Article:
Take Effects of COVID-19 to Heart
August 19, 2020 – When Ken Koontz tested positive for coronavirus in mid-July, he had every reason to believe he would make a full recovery and be fine. The 53-year-old from Woodstock, GA, is a 16-time Ironman and Half-Ironman finisher, professional triathlon coach and longtime swimmer.
The sickest of the sick, he had heard, appeared to be older people with other health problems, such as diabetes, high blood pressure and obesity. But then it became known this month that Boston Red Sox pitcher Eduardo Rodriguez will be out for the rest of the season due to a heart problem caused by COVID-19.
Doctors know relatively little about all of the possible side effects of COVID-19 and the potential for long-term problems. After all, it’s still a new virus. But growing evidence suggests that anyone who catches the virus – from the sick and the elderly to elite athletes – is at risk for heart damage.
“With any viral infection, there is the potential to affect the heart, but COVID-19 seems to affect the heart more than other viruses,” says Eugene Chung, MD, director of sports cardiology at the University of Michigan Frankel Cardiovascular Center.
Survival of the fittest
A few days after Koontz felt better and allowed to return to work, he started training again. He resumed exercising with moderate strength training for a few weeks. Then he felt ready to go back to the pool.
During a workout that should have been relatively easy for him, he said, “My heart was racing. After a few intervals, I was out of breath. While swimming he was experiencing a particular kind of muscle pain that he knew from a career in fitness meant his muscles were not getting enough oxygen.
“Workout after workout, I hadn’t progressed as quickly – in terms of cardiovascular endurance – as I would have hoped. I still have trouble swimming 500 meters.
Heartbeat and shortness of breath, even during exercise, can be signs of myocarditis, a life-threatening inflammation of the heart usually caused by a virus. Other symptoms include chest pain, especially when lying down; swelling of the legs, ankles or feet; and fatigue. Myocarditis may go away on its own with rest. But, exercising at elite athlete level before the heart has had time to recover can make it worse, even fatal.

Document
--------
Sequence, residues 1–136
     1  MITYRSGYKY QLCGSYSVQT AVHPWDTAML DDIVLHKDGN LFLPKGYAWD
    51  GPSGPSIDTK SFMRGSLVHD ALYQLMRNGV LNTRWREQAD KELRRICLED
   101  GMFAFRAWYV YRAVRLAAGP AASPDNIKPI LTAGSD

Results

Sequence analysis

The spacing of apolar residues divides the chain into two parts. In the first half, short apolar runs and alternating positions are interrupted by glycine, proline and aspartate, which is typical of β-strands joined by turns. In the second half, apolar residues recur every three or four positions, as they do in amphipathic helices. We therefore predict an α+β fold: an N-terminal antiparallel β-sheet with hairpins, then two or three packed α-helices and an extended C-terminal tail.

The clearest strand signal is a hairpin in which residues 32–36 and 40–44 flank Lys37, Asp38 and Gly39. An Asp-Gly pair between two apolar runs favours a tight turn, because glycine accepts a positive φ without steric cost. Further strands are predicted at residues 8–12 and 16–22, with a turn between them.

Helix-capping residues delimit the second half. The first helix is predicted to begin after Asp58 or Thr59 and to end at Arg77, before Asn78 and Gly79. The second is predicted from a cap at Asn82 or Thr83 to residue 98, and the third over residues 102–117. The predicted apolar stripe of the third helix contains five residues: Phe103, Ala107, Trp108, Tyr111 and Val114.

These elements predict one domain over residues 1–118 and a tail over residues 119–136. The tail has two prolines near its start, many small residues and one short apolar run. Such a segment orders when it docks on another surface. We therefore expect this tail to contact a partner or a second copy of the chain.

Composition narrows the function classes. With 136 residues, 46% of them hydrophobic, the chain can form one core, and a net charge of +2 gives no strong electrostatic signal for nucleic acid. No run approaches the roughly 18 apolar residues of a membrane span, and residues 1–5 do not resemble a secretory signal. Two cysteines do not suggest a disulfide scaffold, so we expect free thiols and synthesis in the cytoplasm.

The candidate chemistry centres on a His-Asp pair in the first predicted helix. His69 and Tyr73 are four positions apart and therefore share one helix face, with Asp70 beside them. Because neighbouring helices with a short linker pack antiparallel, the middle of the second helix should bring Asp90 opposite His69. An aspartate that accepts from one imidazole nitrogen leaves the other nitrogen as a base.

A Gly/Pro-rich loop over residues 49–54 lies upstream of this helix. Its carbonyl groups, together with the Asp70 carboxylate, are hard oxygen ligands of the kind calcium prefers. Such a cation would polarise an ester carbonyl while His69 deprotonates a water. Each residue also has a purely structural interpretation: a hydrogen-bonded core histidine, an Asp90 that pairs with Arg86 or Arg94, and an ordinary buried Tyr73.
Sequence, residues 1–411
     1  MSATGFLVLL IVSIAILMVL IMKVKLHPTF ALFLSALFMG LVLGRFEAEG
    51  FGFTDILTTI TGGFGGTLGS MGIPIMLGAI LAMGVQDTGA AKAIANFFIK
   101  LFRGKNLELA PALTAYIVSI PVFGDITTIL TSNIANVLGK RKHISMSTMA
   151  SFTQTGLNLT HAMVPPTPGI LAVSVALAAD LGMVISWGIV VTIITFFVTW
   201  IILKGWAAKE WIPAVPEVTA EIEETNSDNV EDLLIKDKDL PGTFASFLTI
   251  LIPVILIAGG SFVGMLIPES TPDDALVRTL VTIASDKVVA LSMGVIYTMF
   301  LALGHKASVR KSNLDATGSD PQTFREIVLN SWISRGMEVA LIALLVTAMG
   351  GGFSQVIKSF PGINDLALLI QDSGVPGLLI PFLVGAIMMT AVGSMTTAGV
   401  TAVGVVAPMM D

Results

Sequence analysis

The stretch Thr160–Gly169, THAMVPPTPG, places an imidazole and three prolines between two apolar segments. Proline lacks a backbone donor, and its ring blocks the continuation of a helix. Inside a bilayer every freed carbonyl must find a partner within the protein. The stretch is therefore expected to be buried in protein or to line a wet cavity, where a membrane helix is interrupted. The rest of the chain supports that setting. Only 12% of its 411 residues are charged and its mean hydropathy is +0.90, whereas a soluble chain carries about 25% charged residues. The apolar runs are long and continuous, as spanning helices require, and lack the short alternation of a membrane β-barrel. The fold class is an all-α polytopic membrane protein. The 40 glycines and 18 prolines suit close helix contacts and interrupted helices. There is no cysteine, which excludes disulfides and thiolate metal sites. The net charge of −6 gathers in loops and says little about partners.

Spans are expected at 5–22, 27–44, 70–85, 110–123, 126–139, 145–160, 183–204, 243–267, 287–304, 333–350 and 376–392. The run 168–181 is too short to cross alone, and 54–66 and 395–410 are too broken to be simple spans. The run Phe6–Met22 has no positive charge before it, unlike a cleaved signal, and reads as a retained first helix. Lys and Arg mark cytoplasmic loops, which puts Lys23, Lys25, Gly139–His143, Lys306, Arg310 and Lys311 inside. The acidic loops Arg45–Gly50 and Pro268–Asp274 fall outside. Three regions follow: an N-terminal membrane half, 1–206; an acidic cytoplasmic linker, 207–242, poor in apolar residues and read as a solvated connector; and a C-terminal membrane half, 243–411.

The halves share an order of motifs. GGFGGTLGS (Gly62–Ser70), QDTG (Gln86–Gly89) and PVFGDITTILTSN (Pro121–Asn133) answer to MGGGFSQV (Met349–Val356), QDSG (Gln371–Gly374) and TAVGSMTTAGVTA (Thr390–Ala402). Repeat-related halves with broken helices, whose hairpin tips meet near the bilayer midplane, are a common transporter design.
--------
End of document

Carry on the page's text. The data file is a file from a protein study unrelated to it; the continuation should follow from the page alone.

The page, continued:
“For athletes, myocarditis is a common cause of sudden cardiac arrest or sudden cardiac death,” Jonathan Kim, MD, head of sports cardiology at Emory Healthcare in Atlanta, said at a press conference.
Once an athlete has confirmed myocarditis, doctors usually recommend a full 3 months of rest before resuming intense training. That’s why the Boston Red Sox had to put their pitcher on the sidelines for the rest of the season.
The American College of Cardiology Sports and Exercise Council recently proposed guidelines for athletes who have had COVID-19. The group recommends that they have an electrocardiogram (or ECG, a test that detects electrical activity of the heart and may show arrhythmia or signs of heart damage), an echocardiogram (an ultrasound of the heart, which can examine heart function or structural damage) and blood tests to make sure the heart is working properly before resuming practice.
“If all of this is normal,” Kim said, “it would be reasonable to allow the athlete to resume training.”
Everyone is at risk
But it may not take Olympic-level training to damage the heart after COVID-19.
Preliminary data suggests that up to 1 in 5 people who go to hospital for the virus end up with some kind of heart injury. “This lesion is defined in several ways: worsened cardiac function, arrhythmias or release of cardiac troponin. [a sign of heart injury that a blood test can detect]Kim said.
And new research suggests that people who do not go to the hospital can also suffer from heart damage. In one study, researchers followed 100 people, aged 49 to 53, who had had COVID-19. Just over 30 of them had to go to hospital for their illness, and nearly 70 had recovered at home. This is important because physicians tend to view those who recover at home without medical attention as “mild to moderate” cases. But more than a month after being diagnosed with COVID-19, nearly 80 people showed signs of heart damage, including changes visible on an MRI; abnormal blood tests; and inflammation of the heart.
In the grand scheme of things, a study of 100 people isn’t much evidence, but according to the doctors who analyzed the study, 80% is still too much to ignore. Ultimately, doctors don’t yet have enough information to describe exactly who is at risk of heart damage, how high that risk can be, and how far the effects can reach. But the signs point to some level of risk for anyone catching the virus.
“We always learn as we go,” says Chung. “Hopefully over the next few months we have enough experience and enough reporting on people who may be at higher risk.”
As for mere mortals who want to return to moderate exercise, not an Ironman competition, after recovering from COVID-19, Kim offers this advice.
“For your average exerciser, someone who has committed to guideline recommended doses of exercise, is slowly increasing. Don’t start exercising again like you have a cold. Go up slowly, and if there are any disturbing symptoms, go back down and contact a healthcare practitioner. “
Despite being aware of the heart risk, Koontz changed his workouts rather than cutting them out entirely. Today he says his workouts are getting easier and he’s starting to feel more like his old self.
But COVID-19 has taught him a hard lesson.
“I always thought I could fix everything with diet and exercise,” he says. “Now I hear people say, ‘I’m in good shape, I’m in good health, I’m young, that’s not going to happen to me.’ It can happen to anyone. And the long-term effects worry me a lot more than death.
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